How does this work arrangement impact the parties involved?
Companies that use shadow workers likely do so to save on payroll costs. This is probably the prime motivators for these arrangements. Other reasons: Hiring workers who are not legally eligible to work in the U.S.; paying workers below minimum wage.
Loss to workers. Obviously, being shadow workers deprive them of all legal protections, such as minimum wage and overtime pay rules. Because their compensation is not subject to payroll taxes, workers do not build any credits for Social Security and Medicare coverage for their ghost wages.
Loss to companies. Companies that hire illegal workers and fail to follow federal employment law guidelines face stiff penalties if caught. Companies that follow all the rules are put at a competitive disadvantage to those that do not.
Loss to the community. Employees’ under-the-table wages aren’t taxed, leaving the government and communities without the revenue they would have received for reported compensation.
The Fair Labor Standards Act (FLSA) is a federal law requiring employers to keep records about employees, including:
- Employee's full name and social security number.
- Address, including zip code.
- Birth date, if younger than 19.
- Sex and occupation.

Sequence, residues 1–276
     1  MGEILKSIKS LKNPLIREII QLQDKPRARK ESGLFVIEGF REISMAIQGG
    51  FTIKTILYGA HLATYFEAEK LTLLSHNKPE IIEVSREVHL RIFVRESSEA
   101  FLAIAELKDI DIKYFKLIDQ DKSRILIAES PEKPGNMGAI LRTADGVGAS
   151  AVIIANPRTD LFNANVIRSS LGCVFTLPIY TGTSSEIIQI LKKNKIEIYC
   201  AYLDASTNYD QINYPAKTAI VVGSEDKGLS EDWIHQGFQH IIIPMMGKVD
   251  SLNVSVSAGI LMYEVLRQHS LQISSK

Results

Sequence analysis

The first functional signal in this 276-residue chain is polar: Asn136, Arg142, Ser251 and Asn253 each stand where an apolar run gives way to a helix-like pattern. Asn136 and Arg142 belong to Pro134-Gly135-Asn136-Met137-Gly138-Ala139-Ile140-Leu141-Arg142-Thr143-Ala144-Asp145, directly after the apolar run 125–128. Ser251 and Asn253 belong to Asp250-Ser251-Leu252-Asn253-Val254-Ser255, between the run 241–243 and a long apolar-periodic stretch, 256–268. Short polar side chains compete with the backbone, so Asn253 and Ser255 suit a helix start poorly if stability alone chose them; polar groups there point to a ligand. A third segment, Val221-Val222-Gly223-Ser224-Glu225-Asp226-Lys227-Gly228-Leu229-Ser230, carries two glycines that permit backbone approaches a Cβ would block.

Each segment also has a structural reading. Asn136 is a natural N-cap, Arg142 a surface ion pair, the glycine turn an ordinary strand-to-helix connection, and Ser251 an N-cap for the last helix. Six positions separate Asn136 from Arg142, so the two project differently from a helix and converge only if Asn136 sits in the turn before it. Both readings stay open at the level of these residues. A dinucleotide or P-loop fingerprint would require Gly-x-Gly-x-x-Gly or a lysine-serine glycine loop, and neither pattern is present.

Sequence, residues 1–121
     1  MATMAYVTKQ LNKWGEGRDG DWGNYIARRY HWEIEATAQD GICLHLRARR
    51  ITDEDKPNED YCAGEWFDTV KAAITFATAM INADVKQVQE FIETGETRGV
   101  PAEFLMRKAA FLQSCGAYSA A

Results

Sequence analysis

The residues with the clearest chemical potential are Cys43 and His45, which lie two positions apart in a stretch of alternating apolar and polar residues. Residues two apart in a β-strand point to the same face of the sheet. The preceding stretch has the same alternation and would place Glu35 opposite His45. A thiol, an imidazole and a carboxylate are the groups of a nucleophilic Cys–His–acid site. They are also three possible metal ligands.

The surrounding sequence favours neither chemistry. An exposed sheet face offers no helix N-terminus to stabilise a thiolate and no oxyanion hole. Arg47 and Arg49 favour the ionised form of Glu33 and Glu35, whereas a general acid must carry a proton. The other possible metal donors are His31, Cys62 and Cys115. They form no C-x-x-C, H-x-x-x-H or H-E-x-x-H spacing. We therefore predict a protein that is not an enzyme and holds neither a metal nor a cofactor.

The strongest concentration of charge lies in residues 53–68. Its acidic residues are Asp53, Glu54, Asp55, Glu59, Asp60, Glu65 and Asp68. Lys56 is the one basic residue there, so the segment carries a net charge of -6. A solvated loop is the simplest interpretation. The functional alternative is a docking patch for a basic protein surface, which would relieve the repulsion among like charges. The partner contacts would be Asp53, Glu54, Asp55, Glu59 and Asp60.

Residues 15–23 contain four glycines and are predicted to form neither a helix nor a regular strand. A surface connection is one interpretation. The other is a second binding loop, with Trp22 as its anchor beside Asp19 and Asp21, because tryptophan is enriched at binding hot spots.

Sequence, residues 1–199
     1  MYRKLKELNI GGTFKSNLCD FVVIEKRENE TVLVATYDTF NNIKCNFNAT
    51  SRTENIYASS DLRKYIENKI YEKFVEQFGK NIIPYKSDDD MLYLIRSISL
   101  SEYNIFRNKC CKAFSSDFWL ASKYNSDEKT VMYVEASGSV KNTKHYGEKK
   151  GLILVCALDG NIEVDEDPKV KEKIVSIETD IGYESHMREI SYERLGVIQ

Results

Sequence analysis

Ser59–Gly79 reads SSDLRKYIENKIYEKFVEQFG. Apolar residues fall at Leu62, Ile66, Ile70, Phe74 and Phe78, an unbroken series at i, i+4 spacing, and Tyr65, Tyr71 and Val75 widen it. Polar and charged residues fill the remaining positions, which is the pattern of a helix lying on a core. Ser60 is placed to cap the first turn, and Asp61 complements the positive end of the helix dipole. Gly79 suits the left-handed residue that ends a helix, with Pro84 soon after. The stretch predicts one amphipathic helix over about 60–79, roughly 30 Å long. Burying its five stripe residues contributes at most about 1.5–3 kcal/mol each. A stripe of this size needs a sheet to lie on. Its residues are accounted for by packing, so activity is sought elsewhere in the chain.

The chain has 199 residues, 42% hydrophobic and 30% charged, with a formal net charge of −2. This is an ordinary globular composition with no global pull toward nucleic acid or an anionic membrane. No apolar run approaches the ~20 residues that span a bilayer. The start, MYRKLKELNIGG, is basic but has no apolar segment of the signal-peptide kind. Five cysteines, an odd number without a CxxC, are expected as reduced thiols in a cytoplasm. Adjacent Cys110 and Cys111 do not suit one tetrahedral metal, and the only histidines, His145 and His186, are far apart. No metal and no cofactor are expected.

- Time and day of week when employee's workweek begins.
- Hours worked each day.
- Total hours worked each workweek.
- Basis on which employee's wages are paid (e.g., "$9 per hour", "$440 a week", "piecework")
- Regular hourly pay rate.
- Total daily or weekly straight-time earnings.
- Total overtime earnings for the workweek.
- All additions to or deductions from the employee's wages.
- Total wages paid each pay period.
- Date of payment and the pay period covered by the payment.
These records should be retained for at least three years. The failure to keep and retain records can result in penalties and sanctions. For example, if violations are willful, a company can be criminally prosecuted and fined up to $10,000. A second willful violation can result in imprisonment. Civil penalties run up to $1,100 per violation.
In one recent case, an agricultural company used shadow workers on a seasonal basis to pick blueberries. They were paid by the pound of berries picked, and the berries that were weighed were credited to an employee’s ticket. In this case, however, workers shared tickets (i.e., berries picked by one worker without a ticket were added to the amount picked by a worker with a ticket). A Federal district court found that this practice violated the FLSA. The company was enjoined from using the practice in the future.
The practice of under-the-table arrangements is nothing new. It’s not only companies that initiate it; some workers prefer to be paid off the books so they don’t have to pay tax on their wages. Unfortunately, with the practice, in my opinion everybody loses.